I’m just happy that we were able to fufill the Lizbo vision and allow her to travel cross the continent to actualize her reading. It's so much better to be able to taste it.

Tuesday, November 13, 2007

Sunday, November 4, 2007

The Notorious Bunch

The other night while out to dinner for my friend's bday at Snack Taverna in the West Village over braised short ribs with pumpkin puree and pancetta (which was YUM!), someone posed the question, "What's your favorite restaurant in New York?" to each person at the table. I was dumb founded. There was no way I would be able to answer that question with a single entry. I thought maybe I could break it down by cuisine but even then its near impossible. How do I answer French? High end would be Chantarelle or maybe Per Se... but that's special occassion dining...on the normal dining experience it would be Jubilee...or maybe Cafe Joul? My mind raced.

So now I pose a new question. What restaurant do you dislike the most in New York? The worst food...horrible service...would never return type place. With so many great establishments around the city, it's hard to even identify these places. So often eateries are publicized for the trendy atmosphere or celebrity owners and we forget that patrons actually go to there to eat.

I can't say for sure where any of the restaurants below fall in my top list of "most unappetizing dining experiences" but if they are on this list at all, it's not a good thing in general.

English is Italian
- Recently closed English is Italian promised celeb chef success. Unfortunately for Todd English, the place fell WAY short. I went there a couple of years ago for lunch during Restaurant Week. The service was slow and unattentive during business lunch hours, which proves less customers than dinner service and more antsy patrons anxious to get back to work. The food was over salty and for a salt-lover like myself that says a lot. I can't remember exactly what I ate because I all I remember is the sodium overdose. Not a memory I'd like to look back on.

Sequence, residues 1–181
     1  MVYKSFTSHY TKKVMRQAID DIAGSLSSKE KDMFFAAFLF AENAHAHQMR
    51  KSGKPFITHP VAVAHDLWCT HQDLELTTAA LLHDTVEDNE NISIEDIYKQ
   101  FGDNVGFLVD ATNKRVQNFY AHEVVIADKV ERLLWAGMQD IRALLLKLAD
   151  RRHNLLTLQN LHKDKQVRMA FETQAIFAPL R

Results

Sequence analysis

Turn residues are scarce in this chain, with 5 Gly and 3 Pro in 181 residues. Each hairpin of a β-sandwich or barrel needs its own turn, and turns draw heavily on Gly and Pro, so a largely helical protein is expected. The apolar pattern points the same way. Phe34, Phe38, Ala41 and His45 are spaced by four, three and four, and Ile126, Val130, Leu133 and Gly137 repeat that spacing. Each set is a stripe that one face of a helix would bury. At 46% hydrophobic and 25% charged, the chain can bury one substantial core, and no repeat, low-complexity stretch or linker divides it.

Punch- I went to Punch three time all together. The first two times were decent..nothing to write home about nothing to complain about but in a conveniant location to the movie theater and an equi distant point for gathering, I returned a third time only to be severly disappointed. The service was weird and awkward. It felt like everyone was on their first night and the Maitre D' actually made me feel uncomfortable. The scallops I had the second time I was at Punch were great...the third time, not so much. If a restaurant can't be consistent, whats the point in returning?

China Grill-Another restuarant week outing gone horribly awry. This place was completely overhyped. From unattentive service to soggy and congealed dumplings and the kicker of cold entrees- this place definitely takes the cake. As I've said before, I'd rather go to PF Changs for better food, service and ambiance and that's pretty pathetic since the chain establishments are usually associated with strip malls.

I'm sure there are many more to add to this list, but I'll leave it at these three for now. Somehow its easier to narrow it down to three bad restaurants than 3 favorite restaurants..there are just too many good ones to pick from.

Thursday, November 1, 2007

The American Looking Glass